EPA Schedules Cleanup of Hazardous Waste Site
W.E.T. Waste Services Site
Terre Haute, Indiana
U.S. Environmental Protection Agency plans to spend up to $1.3 million in the coming weeks to clean up hazardous chemicals at a closed Vigo County business. Environmental officials say various hazardous substances including acids, caustics and volatile organic compounds are improperly stored at Wabash Environmental Technologies and W.E.T. Waste Services in Terre Haute. EPA says those chemicals pose an imminent health threat to nearby residents and the environment in the event of a fire or release.
EPA received legal permission to do an emergency cleanup after presenting evidence the abandoned and dilapidated industrial buildings on the W.E.T. property contain leaking 55-gallon drums holding various substances, tanks carrying 80,000 gallons of waste oil, and various laboratory chemicals. The site is located at 1331 S. First St. Work at the site will generate a significant amount of truck traffic and workers will be wearing protective clothing while handling hazardous materials. The cleanup by EPA contractors is expected to take 80 days. Hazardous substances and pollutants removed from the site will be treated, stored or disposed of at an off-site licensed facility.
W.E.T. operated a used oil processing facility on First Street from 2001 to 2004. In December 2004, Indiana Department of Environmental Management ordered the business to cease operations after finding serious environmental violations. The site also contains a wastewater treatment facility. In 2005, EPA and IDEM had to remove 220,000 gallons of liquid from the treatment facility that was threatening to overflow its storage tanks after heavy rains. The property is located in a mixed industrial, commercial and residential area. An apartment complex sits 200 feet away and a park, a day care center and four churches are also nearby. IDEM asked EPA to use its authority under the federal Superfund law to step in and remove the health threat posed by the improperly contained chemicals.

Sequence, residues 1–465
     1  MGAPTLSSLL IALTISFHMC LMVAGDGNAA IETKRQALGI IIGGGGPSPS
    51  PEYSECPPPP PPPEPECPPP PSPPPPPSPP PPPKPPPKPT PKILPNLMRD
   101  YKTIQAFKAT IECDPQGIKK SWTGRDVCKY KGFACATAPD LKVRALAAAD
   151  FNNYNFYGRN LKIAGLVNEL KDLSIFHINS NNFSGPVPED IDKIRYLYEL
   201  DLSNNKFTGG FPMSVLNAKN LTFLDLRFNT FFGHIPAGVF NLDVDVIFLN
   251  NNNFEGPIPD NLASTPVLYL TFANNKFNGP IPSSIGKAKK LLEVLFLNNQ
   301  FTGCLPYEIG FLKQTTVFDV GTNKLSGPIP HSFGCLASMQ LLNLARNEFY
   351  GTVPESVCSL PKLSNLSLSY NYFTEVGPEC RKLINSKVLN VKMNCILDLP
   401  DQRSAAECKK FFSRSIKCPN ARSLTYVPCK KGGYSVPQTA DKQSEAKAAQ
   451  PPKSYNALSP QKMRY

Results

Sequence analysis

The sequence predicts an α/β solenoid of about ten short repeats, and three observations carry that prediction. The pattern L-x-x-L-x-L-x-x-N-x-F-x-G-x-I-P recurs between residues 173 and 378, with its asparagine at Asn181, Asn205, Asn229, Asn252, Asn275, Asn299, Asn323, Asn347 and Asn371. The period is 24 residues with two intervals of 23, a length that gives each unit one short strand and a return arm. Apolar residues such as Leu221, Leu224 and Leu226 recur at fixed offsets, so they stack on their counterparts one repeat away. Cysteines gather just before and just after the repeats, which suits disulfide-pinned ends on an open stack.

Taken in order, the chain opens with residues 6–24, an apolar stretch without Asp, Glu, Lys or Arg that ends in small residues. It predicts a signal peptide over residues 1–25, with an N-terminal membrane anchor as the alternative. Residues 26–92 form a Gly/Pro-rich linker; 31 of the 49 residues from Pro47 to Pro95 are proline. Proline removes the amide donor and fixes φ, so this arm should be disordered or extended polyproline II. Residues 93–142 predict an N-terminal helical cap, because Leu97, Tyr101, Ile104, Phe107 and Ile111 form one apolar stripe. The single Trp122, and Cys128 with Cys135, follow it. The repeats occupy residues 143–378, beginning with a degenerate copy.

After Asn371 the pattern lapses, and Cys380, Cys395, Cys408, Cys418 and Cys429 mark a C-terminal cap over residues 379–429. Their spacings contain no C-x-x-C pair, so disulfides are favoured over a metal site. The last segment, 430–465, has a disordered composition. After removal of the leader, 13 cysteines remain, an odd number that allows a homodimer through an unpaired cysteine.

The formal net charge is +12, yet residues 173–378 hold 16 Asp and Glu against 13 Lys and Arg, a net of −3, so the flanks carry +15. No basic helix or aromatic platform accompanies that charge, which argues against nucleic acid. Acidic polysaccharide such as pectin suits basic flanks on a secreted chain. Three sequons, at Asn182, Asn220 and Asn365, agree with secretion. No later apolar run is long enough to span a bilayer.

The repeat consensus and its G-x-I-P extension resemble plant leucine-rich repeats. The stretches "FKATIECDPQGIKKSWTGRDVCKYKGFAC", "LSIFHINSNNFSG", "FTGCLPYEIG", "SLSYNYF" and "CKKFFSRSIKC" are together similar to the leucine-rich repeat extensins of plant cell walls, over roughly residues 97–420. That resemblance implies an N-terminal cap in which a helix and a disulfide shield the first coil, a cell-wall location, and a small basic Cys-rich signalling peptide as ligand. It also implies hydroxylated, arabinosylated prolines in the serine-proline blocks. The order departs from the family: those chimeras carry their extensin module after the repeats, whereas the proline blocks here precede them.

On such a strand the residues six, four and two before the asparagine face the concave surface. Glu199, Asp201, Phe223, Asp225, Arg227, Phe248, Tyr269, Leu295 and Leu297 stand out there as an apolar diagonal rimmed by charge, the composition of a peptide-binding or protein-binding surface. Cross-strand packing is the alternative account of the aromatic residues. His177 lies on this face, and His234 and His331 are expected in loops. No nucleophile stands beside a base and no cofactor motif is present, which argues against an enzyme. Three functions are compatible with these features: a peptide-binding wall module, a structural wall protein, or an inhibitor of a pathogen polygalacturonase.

On the W.E.T. property, environmental inspectors found several hundred 55-gallon drums - many of them leaking - numerous 330-gallon totes, eight 10,000-gallon tanks containing waste oil and several laboratories holding improperly stored chemicals and compounds. In addition, an inspection revealed significant structural deterioration in some of the company buildings including crumbling brick and a partially missing roof. There was also evidence of trespassing on the property.
Not only does the site pose an imminent threat of releasing hazardous substances to the environment, but several chemicals stored near each other could explode or burn if they come in contact.
EPA concluded if no cleanup action was taken, the site would soon pose a "substantial endangerment" to public health and the environment.